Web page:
My backup scripts on my test SharePoint 2010 box have been running but not producing backups for the last few days. I tried a manual backup via Central Admin and found that the backup estimate was more than 10GB, which is odd for a test server.
A bit of hunting with Sequoia View showed that SharePoint_Config.ldf was more than 10GB (the database data file itself was only 100MB).
It seems that the database was set to the Full Recovery model, which I’ve been bitten with before. In this mode SQL will not throw away the transaction log after a database backup, you have to backup the transaction log as well. If you do a lot of updates to the same data you can end up with large log files (compared to the actual data file).
Thinking about why you might want this makes my head spin a bit. Presumably if you have the previous backup plus the log file you can recover anyway – you just need to get the log off the server in case it goes bang. I guess if you have all the transactions you don’t even need the data file backup – you could rebuild to any point from the accumulated transaction logs. I’m sure there are lots of useful things you can do in this mode, but I don’t know of any so I don’t “need” it at the moment.
In SQL Server 2010 R2’s Management Studio you can view the properties of a database and see how large the files are. You can also use Tasks > Shrink > Database and Tasks > Shrink > Files to see how much space is available in a file (SQL keeps some free space and can auto-grow when it gets low so you can strike a balance between “wasted” free space and disk fragmentation.
The Shrink dialog told me that the log had 0% free space available. I tried a transaction log backup (Tasks > Backup > Backup Type > Transaction) but there wasn’t enough free disk space for it (failed with error 112, but couldn’t give me a descriptive message). Oh well, I don’t need it as it’s a test box and I can stand to lose some data if I need to do a restore. My very simple PowerShell scripts will get SharePoint to do a full weekly backup and daily differential backups so I should be good if something goes wrong – I think I’m only exposed for up to a day’s loss (assuming I notice if the backup itself fails – there’s no error reporting in the script at the moment).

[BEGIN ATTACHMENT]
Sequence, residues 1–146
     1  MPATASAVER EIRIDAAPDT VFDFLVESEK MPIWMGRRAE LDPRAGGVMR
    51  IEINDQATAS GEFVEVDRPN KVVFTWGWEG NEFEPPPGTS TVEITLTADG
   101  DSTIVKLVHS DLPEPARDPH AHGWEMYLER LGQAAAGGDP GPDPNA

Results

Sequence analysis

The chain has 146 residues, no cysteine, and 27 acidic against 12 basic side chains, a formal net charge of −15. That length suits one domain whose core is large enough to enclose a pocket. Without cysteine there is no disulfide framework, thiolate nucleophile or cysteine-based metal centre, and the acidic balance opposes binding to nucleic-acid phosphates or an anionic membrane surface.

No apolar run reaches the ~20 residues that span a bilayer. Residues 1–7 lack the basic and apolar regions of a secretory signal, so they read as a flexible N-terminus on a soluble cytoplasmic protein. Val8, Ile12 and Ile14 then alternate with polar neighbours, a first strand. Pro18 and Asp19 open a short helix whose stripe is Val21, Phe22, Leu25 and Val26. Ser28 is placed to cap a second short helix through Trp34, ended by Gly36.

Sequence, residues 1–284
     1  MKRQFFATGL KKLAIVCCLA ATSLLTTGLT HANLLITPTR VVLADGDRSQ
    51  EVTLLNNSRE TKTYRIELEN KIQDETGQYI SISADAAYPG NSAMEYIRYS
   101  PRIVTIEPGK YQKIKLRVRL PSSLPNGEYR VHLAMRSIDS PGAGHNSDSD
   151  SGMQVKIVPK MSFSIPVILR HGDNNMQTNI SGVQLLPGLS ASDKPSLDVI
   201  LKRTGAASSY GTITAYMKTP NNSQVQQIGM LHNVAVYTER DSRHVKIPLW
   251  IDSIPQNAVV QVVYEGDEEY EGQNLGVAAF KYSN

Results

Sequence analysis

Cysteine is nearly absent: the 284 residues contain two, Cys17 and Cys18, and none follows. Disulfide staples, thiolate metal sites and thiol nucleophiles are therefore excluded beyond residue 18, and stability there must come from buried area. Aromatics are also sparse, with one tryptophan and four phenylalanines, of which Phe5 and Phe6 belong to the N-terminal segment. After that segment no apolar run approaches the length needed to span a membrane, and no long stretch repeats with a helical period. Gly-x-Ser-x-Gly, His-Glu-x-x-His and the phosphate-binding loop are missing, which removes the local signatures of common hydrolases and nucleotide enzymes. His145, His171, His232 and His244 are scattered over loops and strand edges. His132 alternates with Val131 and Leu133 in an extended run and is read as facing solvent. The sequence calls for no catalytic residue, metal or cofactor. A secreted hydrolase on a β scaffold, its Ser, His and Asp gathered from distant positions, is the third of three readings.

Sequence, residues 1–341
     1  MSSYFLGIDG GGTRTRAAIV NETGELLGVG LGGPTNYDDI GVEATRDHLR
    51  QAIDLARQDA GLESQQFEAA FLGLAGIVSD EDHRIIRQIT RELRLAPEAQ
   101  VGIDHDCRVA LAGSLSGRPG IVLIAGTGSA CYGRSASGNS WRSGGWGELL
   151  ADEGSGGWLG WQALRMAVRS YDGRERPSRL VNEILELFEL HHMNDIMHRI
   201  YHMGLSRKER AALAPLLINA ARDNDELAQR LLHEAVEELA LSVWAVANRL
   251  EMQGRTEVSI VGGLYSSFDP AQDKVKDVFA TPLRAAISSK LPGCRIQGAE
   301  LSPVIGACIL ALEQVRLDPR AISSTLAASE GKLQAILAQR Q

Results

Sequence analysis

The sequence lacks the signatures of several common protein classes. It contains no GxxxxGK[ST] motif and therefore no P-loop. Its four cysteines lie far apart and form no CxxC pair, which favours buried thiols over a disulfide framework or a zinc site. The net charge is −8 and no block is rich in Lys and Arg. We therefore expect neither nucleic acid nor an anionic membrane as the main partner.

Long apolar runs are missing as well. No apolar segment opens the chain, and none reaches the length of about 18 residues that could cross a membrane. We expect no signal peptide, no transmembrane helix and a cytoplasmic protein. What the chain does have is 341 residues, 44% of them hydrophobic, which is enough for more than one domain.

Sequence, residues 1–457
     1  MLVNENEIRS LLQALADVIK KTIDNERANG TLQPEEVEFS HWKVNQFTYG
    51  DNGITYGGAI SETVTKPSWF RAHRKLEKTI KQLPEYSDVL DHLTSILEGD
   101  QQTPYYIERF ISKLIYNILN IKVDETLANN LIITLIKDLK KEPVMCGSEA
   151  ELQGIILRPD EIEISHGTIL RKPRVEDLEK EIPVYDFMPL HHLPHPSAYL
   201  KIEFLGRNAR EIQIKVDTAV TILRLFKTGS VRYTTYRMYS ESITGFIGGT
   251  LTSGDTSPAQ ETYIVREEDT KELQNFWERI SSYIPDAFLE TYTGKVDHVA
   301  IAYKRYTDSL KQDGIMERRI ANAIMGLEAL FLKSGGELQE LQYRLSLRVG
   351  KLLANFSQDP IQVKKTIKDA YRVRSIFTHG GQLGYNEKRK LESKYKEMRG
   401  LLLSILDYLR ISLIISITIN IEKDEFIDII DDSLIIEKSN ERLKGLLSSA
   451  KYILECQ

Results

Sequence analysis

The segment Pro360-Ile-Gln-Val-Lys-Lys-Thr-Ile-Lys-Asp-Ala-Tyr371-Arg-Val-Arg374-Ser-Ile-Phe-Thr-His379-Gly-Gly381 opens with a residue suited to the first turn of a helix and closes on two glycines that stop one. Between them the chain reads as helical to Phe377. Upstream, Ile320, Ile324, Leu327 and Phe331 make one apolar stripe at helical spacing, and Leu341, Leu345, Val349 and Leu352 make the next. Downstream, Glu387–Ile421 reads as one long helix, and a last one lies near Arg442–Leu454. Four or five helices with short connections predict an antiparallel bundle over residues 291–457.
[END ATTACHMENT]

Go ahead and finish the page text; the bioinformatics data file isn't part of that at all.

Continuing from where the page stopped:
I’m mainly just playing with the SharePoint installation – I know there are third-party tools that will automate this for me and I know that Data Protection Manager (or whatever it’s called now) can do automated SQL Backups, for example. I’m just interested in what you can easily do out-of-the-box.
Anyway, I set the SharePoint_Config database to the Simple Recovery model, and then using Tasks > Shrink > Files, I could see that now 99% of the log file was available. Shrinking it recovered that space, freeing up 10GB.
While I was there I set the model database to Simple Recovery too so any future databases created on the box will “inherit” that. I also set all the databases that were Full recovery to Simple. It turns out there was a 50-50 split. I’m not sure why some were already in Simple mode. Possibly SharePoint will set some non-critical things to Simple by default and leave the reset to “inherit” from the model database?
So a sort-of lesson learned is to watch out for Full Recovery model databases in future. If you need this, you also need to figure out what to do with all those transaction logs.
In future SQL Server and SharePoint installations I will need to watch out for default options that I might have chosen badly. It seems to me that new databases should use Simple Recovery by default – Full Recovery is more an advanced option. Maybe this is down to the edition of SQL Server that was installed?